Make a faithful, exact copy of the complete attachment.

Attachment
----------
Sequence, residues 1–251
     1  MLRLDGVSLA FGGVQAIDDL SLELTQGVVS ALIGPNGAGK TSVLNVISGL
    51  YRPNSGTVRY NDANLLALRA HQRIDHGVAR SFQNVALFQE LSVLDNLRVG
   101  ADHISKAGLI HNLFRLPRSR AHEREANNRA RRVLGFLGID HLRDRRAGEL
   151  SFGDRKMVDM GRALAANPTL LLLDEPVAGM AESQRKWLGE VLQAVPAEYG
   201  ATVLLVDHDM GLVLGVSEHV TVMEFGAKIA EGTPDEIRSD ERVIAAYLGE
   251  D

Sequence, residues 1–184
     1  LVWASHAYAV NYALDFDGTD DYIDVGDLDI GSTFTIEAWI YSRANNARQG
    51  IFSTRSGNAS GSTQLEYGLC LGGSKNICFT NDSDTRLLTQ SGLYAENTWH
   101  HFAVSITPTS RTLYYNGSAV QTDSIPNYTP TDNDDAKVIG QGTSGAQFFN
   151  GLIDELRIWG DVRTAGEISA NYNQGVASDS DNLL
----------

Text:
Sequence, residues 1–251
     1  MLRLDGVSLA FGGVQAIDDL SLELTQGVVS ALIGPNGAGK TSVLNVISGL
    51  YRPNSGTVRY NDANLLALRA HQRIDHGVAR SFQNVALFQE LSVLDNLRVG
   101  ADHISKAGLI HNLFRLPRSR AHEREANNRA RRVLGFLGID HLRDRRAGEL
   151  SFGDRKMVDM GRALAANPTL LLLDEPVAGM AESQRKWLGE VLQAVPAEYG
   201  ATVLLVDHDM GLVLGVSEHV TVMEFGAKIA EGTPDEIRSD ERVIAAYLGE
   251  D

Sequence, residues 1–184
     1  LVWASHAYAV NYALDFDGTD DYIDVGDLDI GSTFTIEAWI YSRANNARQG
    51  IFSTRSGNAS GSTQLEYGLC LGGSKNICFT NDSDTRLLTQ SGLYAENTWH
   101  HFAVSITPTS RTLYYNGSAV QTDSIPNYTP TDNDDAKVIG QGTSGAQFFN
   151  GLIDELRIWG DVRTAGEISA NYNQGVASDS DNLL